D-backs doomed by inexplicable miscue
Distracted middle infielders allow injured runner to limp home with go-ahead run
PHOENIX -- It was one of those plays you rarely see, but somehow it fit perfectly into the way this season has gone for the D-backs. It was inexplicable, frustrating and hard to explain.
The D-backs fell to the Brewers, 5-0, on Tuesday night at Chase Field, dissipating any momentum from Monday night's losing-streak-snapping win. Milwaukee starter Freddy Peralta was brilliant and the Arizona offense struggled mightily, but the most-watched replay will no doubt be a play in the sixth inning.
Brewers first baseman Daniel Vogelbach reached on an error by second baseman Josh Rojas and after he advanced to second base with two outs, Omar Narváez singled to center.
Center fielder Pavin Smith picked up the ball in center and everyone assumed Vogelbach would score easily, but as he rounded third, Vogelbach pulled his left hamstring and started hobbling.
Rojas cut the ball off and tossed it to shortstop Nick Ahmed with neither of them seeing that Vogelbach was still struggling to get to the plate.
Catcher Daulton Varsho and reliever Stefan Crichton, who was backing up home plate, were both yelling as was the D-backs dugout, but Ahmed and Rojas could not hear them.
So instead of retiring Vogelbach for the third out, he scored and the Brewers tacked on two more in the frame to put the game out of reach.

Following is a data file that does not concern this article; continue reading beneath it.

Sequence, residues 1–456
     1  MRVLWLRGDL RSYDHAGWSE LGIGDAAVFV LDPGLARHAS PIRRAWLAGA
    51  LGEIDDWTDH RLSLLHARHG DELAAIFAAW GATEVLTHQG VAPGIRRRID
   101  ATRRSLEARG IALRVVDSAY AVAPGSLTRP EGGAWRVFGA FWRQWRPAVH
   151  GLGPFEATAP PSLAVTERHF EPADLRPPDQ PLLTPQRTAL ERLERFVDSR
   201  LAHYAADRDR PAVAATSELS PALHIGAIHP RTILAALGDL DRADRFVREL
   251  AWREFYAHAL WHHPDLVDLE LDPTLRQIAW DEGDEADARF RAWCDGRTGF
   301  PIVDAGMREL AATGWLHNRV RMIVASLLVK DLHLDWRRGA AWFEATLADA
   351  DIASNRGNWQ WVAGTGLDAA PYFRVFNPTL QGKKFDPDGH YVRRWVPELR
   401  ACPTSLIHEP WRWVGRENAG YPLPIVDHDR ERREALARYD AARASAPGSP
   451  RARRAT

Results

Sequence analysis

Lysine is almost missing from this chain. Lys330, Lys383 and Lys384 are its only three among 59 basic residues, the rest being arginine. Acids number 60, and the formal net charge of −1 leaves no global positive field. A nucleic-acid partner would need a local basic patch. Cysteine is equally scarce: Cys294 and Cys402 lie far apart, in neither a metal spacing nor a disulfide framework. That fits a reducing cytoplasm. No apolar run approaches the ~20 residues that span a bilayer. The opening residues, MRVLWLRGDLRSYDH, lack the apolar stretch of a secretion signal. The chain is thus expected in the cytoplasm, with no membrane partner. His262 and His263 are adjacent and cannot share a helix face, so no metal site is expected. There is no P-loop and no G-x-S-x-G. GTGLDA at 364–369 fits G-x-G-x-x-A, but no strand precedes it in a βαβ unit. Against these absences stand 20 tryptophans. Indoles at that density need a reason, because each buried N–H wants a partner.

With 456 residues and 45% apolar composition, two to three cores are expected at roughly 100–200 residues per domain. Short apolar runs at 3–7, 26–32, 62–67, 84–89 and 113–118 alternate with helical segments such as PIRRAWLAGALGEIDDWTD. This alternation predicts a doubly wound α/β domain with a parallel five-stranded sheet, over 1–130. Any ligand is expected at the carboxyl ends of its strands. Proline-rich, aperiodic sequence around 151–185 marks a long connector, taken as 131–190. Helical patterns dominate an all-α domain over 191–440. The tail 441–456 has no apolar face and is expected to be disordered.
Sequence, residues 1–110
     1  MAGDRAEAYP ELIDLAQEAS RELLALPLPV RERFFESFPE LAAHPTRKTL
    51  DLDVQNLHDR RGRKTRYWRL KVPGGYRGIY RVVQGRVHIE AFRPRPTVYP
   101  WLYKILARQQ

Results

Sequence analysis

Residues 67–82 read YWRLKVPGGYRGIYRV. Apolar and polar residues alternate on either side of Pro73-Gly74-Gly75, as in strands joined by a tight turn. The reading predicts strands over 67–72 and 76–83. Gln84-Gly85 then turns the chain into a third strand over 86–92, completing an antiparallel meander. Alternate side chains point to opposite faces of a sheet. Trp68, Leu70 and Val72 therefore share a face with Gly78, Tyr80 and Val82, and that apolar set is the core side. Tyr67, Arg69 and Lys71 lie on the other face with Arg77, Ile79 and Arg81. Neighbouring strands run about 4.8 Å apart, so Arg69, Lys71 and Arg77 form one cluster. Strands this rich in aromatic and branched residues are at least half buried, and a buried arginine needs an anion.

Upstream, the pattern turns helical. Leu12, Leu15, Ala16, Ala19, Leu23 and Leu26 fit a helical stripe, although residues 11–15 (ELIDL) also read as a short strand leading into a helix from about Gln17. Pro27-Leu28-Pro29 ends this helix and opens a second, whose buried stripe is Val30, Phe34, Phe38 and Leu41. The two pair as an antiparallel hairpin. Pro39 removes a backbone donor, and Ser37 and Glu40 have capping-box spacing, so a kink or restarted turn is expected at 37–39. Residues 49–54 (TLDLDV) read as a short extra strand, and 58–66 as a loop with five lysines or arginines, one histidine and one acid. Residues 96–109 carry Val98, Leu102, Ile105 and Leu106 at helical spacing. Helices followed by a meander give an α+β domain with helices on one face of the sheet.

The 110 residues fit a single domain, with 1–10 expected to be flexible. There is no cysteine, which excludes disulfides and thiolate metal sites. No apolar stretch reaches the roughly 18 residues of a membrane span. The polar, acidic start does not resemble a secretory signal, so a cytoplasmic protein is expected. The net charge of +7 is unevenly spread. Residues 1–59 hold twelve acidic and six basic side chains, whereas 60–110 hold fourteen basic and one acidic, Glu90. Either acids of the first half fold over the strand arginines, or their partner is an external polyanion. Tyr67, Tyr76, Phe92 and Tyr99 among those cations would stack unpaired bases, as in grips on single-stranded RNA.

"They have middle-infield responsibilities in that situation," manager Torey Lovullo said. "To keep their head on a swivel and communicate with one another. One is the eyes and one is going to handle the baseball. I know that Daulton Varsho was doing his best to be vocal and let people know what was going on. Unfortunately, we didn't execute and take advantage of a situation where we could have saved a run."
Part of the confusion was that Vogelbach had veered wide during his turn of third so he was not in the traditional baseline.
Ahmed had watched Vogelbach touch third and assumed he was well on his way to scoring when he turned his attention to the other two runners, one of whom was heading into third and the other rounding first.
"Weird stuff happens all the time in this game," Ahmed said. "And I've played it long enough to know now there's something new you're going to see maybe every day and you try to be ready for everything and prepare the best you can and that's what I do each and every day. But I've never once taken a cut and relay and practiced for the guy pulling his hammy and being 30 feet outside the baseline. It's just never happened. So I'm just going to laugh about it. There's nothing I could have done differently."
Ahmed and Rojas could not hear anyone yelling because the crowd was roaring at that time after seeing Vogelbach pull up lame.
"The crowd just got pretty loud," Varsho said. "Everybody was trying to scream and it was just a miscommunication. That's what it comes down to and it sucked that it kind of hurt us a little bit and gave them a little momentum."
The D-backs had snapped a 17-game losing streak Monday and have now lost 18 of their last 19 games and 32 of 35.
"I can't explain it," Lovullo said of this stretch of games.
What happened during the sixth inning Tuesday certainly fell into that category as well.